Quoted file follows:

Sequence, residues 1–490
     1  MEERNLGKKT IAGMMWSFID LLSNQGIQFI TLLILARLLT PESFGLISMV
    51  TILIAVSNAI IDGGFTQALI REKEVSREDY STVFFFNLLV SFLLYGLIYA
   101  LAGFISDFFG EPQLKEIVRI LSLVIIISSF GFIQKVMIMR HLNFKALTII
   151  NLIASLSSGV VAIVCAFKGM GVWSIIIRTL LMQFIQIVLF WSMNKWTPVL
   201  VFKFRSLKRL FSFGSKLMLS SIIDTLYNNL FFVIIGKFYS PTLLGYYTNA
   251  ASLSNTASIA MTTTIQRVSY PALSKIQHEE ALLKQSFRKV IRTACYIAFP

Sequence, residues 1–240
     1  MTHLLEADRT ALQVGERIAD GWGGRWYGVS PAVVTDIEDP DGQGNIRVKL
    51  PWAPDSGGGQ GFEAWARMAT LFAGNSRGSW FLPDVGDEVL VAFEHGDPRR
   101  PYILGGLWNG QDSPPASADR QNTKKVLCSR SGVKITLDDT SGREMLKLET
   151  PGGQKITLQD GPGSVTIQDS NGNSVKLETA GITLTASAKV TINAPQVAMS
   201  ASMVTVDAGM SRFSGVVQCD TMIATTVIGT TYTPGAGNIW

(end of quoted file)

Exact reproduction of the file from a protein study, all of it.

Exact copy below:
Sequence, residues 1–490
     1  MEERNLGKKT IAGMMWSFID LLSNQGIQFI TLLILARLLT PESFGLISMV
    51  TILIAVSNAI IDGGFTQALI REKEVSREDY STVFFFNLLV SFLLYGLIYA
   101  LAGFISDFFG EPQLKEIVRI LSLVIIISSF GFIQKVMIMR HLNFKALTII
   151  NLIASLSSGV VAIVCAFKGM GVWSIIIRTL LMQFIQIVLF WSMNKWTPVL
   201  VFKFRSLKRL FSFGSKLMLS SIIDTLYNNL FFVIIGKFYS PTLLGYYTNA
   251  ASLSNTASIA MTTTIQRVSY PALSKIQHEE ALLKQSFRKV IRTACYIAFP

Sequence, residues 1–240
     1  MTHLLEADRT ALQVGERIAD GWGGRWYGVS PAVVTDIEDP DGQGNIRVKL
    51  PWAPDSGGGQ GFEAWARMAT LFAGNSRGSW FLPDVGDEVL VAFEHGDPRR
   101  PYILGGLWNG QDSPPASADR QNTKKVLCSR SGVKITLDDT SGREMLKLET
   151  PGGQKITLQD GPGSVTIQDS NGNSVKLETA GITLTASAKV TINAPQVAMS
   201  ASMVTVDAGM SRFSGVVQCD TMIATTVIGT TYTPGAGNIW